On March 29, 2017, the FEW Women’s Start-Up Club covered two crucial topics to successfully grow your business: Pricing and Negotiation. Vanessa Oshima, General Manager, Women’s Category, at Nike Japan, first led an engaging discussion on identifying and developing strategies for successful price setting. Tanja Bach, FEW Women’s Start-Up Club Committee Member, then continued the discussion with insights on successful negotiation strategies and best practices.
Pricing – Vanessa Oshima
“Pricing is not about price – it is about worth or value.”
We learned the ins-and out of pricing from Vanessa Oshima. Peppered with personal anecdotes and practical examples, she brought to life the art of pricing. We discussed what affects our pricing decisions as customers. Then, we looked at how we get insights around how to set price, beginning by using the Van Westerndorp pricing method and looked at “premiumziation” – what makes you pay more.
What affects your pricing decision:
Ask your customer/your audience: (Van Westerndorp)
- At what price would you begin to think product is too expensive to consider?
- At what price would you begin to think product is so inexpensive that you would question the quality and not consider it?
- At what price would you begin to think product is getting expensive, but you stillmight consider it?
- At what price would you think product is a bargain – a great buy for the money
Premiumization – what makes you pay more
- Scarcity (time, units, locations)
- Personalization and customization
- Efficacy (health, beauty, lighter, whiter, etc.)
- Purity or Complexity
- Sensory confirmation
- Designed for (adults)
Negotiation – Tanja Bach
“Failing to prepare, is preparing to fail!” – Benjamin Franklin
All of these learnings connect and relate to the next step – negotiation. Tanja Bach briefly introduced the importance of preparing for any negotiation and how information is power. Just like with pricing, it pays to do your research. We often are too focused on us, what we want. Just as with pricing, it is vital to know what the buyer wants as well. Asking for favors is a very short-term selling strategy. Adding value, by stating “what is in it for them” (not you!), will help you form long-term business relationships.
4 Simple Questions to prepare for a negotiation:
- What do you want to achieve from the negotiation?
- What offers or positions are acceptable you?
- Is there anything you need to be aware of? (Issues)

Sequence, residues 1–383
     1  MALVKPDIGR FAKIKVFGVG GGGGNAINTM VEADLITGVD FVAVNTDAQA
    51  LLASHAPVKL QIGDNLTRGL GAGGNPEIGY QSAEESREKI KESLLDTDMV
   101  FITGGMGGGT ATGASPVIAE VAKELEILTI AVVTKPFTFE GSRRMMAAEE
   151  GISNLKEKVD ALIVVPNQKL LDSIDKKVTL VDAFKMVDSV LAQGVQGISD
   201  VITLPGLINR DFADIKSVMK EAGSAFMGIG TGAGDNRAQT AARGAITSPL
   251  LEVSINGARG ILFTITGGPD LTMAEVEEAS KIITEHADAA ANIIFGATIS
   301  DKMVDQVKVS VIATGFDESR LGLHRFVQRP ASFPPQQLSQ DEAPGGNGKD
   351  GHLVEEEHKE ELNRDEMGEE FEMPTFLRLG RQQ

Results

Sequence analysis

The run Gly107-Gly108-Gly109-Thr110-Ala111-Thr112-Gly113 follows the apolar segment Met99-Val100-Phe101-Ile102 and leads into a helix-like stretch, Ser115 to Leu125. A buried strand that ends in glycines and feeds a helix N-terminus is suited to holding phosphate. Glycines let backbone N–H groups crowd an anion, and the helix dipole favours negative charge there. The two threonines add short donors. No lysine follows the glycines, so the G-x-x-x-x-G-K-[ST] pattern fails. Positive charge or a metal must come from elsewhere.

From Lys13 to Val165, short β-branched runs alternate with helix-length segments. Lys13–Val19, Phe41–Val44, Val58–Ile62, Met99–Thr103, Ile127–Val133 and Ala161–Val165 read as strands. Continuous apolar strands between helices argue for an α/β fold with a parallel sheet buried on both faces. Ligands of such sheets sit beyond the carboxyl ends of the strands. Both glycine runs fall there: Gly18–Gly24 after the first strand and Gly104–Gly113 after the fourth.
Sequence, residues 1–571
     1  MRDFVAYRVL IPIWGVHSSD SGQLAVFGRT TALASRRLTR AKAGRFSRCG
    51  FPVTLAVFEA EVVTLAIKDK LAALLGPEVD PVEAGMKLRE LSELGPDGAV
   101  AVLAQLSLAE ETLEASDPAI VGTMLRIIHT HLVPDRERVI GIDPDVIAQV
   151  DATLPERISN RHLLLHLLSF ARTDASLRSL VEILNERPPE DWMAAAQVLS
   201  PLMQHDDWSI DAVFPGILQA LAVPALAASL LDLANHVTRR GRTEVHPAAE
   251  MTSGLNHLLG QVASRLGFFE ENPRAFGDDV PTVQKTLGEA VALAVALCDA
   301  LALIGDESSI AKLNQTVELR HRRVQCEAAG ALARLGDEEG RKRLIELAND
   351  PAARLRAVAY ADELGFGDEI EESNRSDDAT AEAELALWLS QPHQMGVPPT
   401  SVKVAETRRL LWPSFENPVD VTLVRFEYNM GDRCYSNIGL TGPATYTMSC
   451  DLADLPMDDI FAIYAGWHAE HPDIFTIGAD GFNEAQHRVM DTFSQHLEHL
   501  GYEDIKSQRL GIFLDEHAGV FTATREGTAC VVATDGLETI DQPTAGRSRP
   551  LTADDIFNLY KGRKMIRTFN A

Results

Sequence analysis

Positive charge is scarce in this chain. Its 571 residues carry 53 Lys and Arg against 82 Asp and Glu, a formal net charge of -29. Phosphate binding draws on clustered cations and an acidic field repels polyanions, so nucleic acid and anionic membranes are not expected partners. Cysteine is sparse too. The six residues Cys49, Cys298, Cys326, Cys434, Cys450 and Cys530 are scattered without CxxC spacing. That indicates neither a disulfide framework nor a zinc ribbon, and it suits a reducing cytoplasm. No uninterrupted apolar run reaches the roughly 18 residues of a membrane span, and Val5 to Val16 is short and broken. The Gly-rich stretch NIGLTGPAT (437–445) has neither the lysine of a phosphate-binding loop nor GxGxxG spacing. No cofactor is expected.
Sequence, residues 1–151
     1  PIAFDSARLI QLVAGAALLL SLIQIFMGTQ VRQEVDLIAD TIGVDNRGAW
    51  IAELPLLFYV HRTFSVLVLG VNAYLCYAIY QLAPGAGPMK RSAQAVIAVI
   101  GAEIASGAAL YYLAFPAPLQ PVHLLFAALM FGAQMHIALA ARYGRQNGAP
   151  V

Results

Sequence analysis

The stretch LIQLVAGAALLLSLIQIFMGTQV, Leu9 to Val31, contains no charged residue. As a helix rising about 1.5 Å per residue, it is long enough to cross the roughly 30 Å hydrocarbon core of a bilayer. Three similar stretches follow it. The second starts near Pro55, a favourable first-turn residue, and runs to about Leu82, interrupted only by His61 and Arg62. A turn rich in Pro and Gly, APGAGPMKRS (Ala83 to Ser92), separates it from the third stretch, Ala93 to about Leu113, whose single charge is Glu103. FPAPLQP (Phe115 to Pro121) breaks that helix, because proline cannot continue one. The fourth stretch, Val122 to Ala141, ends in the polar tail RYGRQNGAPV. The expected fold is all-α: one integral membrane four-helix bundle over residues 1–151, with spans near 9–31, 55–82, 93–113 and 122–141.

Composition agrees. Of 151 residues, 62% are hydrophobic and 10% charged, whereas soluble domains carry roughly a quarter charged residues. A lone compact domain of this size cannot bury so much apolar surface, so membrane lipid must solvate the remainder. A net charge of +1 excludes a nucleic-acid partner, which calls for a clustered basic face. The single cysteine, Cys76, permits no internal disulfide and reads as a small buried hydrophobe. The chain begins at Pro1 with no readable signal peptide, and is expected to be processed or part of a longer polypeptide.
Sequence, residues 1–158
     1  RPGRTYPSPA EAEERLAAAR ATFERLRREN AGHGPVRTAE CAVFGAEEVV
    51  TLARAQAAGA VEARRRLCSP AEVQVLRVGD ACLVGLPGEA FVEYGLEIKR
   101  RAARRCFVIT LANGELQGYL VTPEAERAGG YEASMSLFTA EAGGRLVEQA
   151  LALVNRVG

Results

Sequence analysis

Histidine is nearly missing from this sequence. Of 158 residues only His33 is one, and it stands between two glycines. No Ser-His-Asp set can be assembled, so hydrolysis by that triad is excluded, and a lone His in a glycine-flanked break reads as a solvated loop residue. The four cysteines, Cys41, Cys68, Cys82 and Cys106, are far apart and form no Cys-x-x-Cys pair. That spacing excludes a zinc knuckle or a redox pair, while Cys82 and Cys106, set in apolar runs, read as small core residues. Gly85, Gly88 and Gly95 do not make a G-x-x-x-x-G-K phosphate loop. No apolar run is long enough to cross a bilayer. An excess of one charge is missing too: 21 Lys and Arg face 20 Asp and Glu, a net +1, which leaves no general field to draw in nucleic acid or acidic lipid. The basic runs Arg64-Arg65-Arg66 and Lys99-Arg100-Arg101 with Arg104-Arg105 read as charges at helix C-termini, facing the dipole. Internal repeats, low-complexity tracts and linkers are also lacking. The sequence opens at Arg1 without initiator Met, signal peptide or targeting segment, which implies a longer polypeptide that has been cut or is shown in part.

- What would the answers to the above be for your negotiation party?
4 Positions (Source: “Win, Win: How to get a winning result from persuasive negotiations” by Derek Arden)
- BP= Best position: What do you want in an ideal world?
- TP = Target position: What is a softer, more realistic option?
- WAP= Walk away position: When do you leave the table? What is the cost if you walk away?
- ZOPA= Zone of Potential Agreement
- AP= Alternative position: What will you do instead (if all three above do not work?) What will you do with your unused resources?
Information is POWER. The more information you have, the more options you can create. Do your research! If nothing else, have the following answers ready BEFORE you enter a negotiation:
- What are your unique selling points? What makes you special? The key unique selling point is YOU, the way you serve, look after and service the client.
- What are your negotiation variables? (example: information, advice, pricing schemes, services, etc.)
Negotiation “How To Tips”
- Know your audience (again, information is power)
- Get them nodding (one way is to acknowledge their situation)
- Use “AND” not “but” (example of 2 and 3 combo: Yes it is a difficult market right now AND do you think that you need to create new market needs?…..)
- Be aware of your limit (remember the Walk Away Position and don’t be afraid to use it).
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May 26-28: Start-up weekend Tokyo for Women – get a kick-start to set up and run your business! For more info and to sign up, please click here.
May 31 WSC Meeting: “Digital Nomads”
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